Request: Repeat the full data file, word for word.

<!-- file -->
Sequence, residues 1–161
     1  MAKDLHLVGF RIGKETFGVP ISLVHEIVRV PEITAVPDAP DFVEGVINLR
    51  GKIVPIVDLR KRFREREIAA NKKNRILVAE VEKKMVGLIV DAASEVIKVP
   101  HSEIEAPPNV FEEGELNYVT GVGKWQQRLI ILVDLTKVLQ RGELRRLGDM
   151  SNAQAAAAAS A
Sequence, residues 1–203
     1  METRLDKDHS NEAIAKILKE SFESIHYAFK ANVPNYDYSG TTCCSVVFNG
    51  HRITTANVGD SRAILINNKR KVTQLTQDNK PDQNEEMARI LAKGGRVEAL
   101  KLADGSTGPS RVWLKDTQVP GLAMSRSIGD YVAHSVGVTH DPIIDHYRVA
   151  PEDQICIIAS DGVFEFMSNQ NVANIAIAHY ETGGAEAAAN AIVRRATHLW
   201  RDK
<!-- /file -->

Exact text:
Sequence, residues 1–161
     1  MAKDLHLVGF RIGKETFGVP ISLVHEIVRV PEITAVPDAP DFVEGVINLR
    51  GKIVPIVDLR KRFREREIAA NKKNRILVAE VEKKMVGLIV DAASEVIKVP
   101  HSEIEAPPNV FEEGELNYVT GVGKWQQRLI ILVDLTKVLQ RGELRRLGDM
   151  SNAQAAAAAS A
Sequence, residues 1–203
     1  METRLDKDHS NEAIAKILKE SFESIHYAFK ANVPNYDYSG TTCCSVVFNG
    51  HRITTANVGD SRAILINNKR KVTQLTQDNK PDQNEEMARI LAKGGRVEAL
   101  KLADGSTGPS RVWLKDTQVP GLAMSRSIGD YVAHSVGVTH DPIIDHYRVA
   151  PEDQICIIAS DGVFEFMSNQ NVANIAIAHY ETGGAEAAAN AIVRRATHLW
   201  RDK